Nishanth Tharayil

Associate Professor
Plant Ecophysiology, Weed Ecology

Nishanth TharayilEmail:
Office: 864-656-4453

School of Agricultural, Forest and Environmental Sciences

218 Biosystems Research Complex
105 Collins Street
Clemson, SC 29634-0310

Postdoctoral Fellow, United States Dept. of Agriculture, Parlier, CA
PhD, Plant & Soil Science, University of Massachusetts Amherst, 2008
MSc, Agronomy, G.B.P.U.A. & T. Pantnagar, India

Research: The broad research interest of the lab is in plant ecophysiology with primary aim of understanding the role of various plant metabolites in facilitating biogeochemical processes and organismal interactions at the plant-soil interface.

Plant Ecophysiology Lab: (Scroll to bottom of page for clickable link.)

Director, Multi-User Analytical Laboratory: Develop and optimize various chromatographic and mass-spectrometric techniques for the analysis of samples from various research projects across the university, and to train graduate and undergraduate students in the use and operation of various analytical instruments.

Multi-User Analytical Lab: (Scroll to bottom of page for clickable link.)

Complete list and PDF copies at

Wang J., Tharayil N., Chow A.T.,Suseela V., Zeng H. 2015. Phenolic profile within the fine root branching orders of an evergreen species highlights a disconnect in root tissue quality predicted by elemental- and molecular-level carbon composition. New Phytologist. (Accepted)

Freese D; Tharayil N.; Preston C.; Gerard P.2015. Catalytic kinetics and activation energy of soil peroxidases across ecosystems of differing lignin chemistries . Biogeochemistry. (In press)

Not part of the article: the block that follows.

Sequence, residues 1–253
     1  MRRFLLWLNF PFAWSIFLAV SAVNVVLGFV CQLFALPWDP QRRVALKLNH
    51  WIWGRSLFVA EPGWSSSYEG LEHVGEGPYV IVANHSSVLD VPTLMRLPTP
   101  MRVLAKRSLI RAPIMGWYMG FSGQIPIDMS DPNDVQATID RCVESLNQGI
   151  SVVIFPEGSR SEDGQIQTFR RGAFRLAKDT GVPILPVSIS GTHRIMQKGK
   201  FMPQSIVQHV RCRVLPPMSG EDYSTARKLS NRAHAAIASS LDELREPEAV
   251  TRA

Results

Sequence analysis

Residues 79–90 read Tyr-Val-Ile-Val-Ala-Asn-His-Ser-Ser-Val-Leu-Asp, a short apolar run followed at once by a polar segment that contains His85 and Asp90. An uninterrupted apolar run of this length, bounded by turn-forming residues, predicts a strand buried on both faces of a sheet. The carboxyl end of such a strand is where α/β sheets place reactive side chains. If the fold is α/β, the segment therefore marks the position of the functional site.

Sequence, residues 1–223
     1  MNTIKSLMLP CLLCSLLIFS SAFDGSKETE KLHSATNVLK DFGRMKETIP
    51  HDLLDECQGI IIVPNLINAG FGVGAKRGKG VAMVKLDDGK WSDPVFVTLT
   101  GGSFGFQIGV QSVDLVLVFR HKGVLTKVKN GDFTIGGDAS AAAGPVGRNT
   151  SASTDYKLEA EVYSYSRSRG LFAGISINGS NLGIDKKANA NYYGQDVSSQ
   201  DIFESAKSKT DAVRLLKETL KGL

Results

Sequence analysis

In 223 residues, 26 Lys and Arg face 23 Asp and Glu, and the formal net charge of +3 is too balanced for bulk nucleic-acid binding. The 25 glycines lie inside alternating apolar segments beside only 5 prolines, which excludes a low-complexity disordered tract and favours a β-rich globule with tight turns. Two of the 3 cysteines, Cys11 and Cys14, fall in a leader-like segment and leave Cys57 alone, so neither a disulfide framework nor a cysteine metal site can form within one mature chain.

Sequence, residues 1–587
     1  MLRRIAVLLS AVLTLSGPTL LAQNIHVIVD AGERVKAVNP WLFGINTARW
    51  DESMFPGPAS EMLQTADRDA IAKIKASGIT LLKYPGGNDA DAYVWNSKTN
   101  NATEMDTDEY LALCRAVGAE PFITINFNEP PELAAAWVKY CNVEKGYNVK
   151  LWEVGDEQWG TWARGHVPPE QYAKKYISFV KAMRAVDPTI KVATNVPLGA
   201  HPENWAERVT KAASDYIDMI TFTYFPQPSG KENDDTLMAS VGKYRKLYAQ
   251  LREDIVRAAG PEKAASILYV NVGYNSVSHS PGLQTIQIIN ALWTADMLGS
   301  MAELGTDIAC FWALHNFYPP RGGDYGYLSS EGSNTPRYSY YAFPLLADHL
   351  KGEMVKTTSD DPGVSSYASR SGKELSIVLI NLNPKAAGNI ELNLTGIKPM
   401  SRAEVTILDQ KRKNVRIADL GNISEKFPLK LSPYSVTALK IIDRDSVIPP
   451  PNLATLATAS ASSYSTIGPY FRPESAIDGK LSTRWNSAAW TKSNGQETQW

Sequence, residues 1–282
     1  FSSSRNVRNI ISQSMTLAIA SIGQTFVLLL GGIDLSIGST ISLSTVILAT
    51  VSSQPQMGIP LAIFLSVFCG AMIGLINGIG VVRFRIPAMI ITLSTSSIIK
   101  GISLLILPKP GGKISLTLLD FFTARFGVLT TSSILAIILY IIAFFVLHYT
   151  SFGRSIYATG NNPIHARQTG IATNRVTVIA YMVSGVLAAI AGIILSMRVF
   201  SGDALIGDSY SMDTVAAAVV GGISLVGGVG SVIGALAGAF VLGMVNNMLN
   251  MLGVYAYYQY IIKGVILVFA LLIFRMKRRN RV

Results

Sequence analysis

Tamura, M. Tharayil, N. 2014. Plant litter chemistry and microbial priming regulate the accrual, composition and stability of soil carbon in invaded ecosystems. New Phytologist. 203(1):110-24.
ASSOCIATED COMMENTARY by Dr. Mathew E. Dornbush-

Suseela V., Tharayil N., B. Xing, and J. S. Dukes. 2014. Warming alters potential enzyme activity but precipitation regulates chemical transformations in grass litter exposed to simulated climatic changes. Soil Biology & Biochemistry. 75. 102-112

Suseela, V., Tharayil, N., Xing, B., Dukes, J. S. 2013. Labile compounds in plant litter reduce the sensitivity of decomposition to warming and altered precipitation. New Phytologist. 200: 122-133

Tharayil, N., Alpert, P, Bhowmik, P.C., Gerard, P. 2013. Phenolic inputs by invasive species could impart seasonal variations in nitrogen pools in the introduced soils: a case study with Polygonum cuspidatum. Soil Biology & Biochemistry. 57: 858–867

Triebwasser, D; Tharayil, N.; Preston, C. Gerard, P. 2012. The susceptibility of soil enzymes to inhibition by leaf litter tannins is dependent on the tannin chemistry, enzyme class and vegetation history. New Phytologist. 196: 1122-1132.

Tharayil, N.; Suseela, V.; Triebwasser, D. J.; Preston, C.M.; Gerard, P.; Dukes, J. 2011. Changes in the structural composition and reactivity of Acer rubrum leaf litter tannins exposed to warming and altered precipitation: climatic-stress-induced tannins are more reactive. New Phytologist. 191: 132-145.

PLPA 8090 - Analytical Techniques (alternate Spring)
BOT 8240 - Plant Growth Regulators (alternate Spring)
CSENV 4090/6090 - Biology of Invasive Plants (Fall)
BIOSC 4940 - Creative Inquiry: Linking Plant Invasion to Climate Change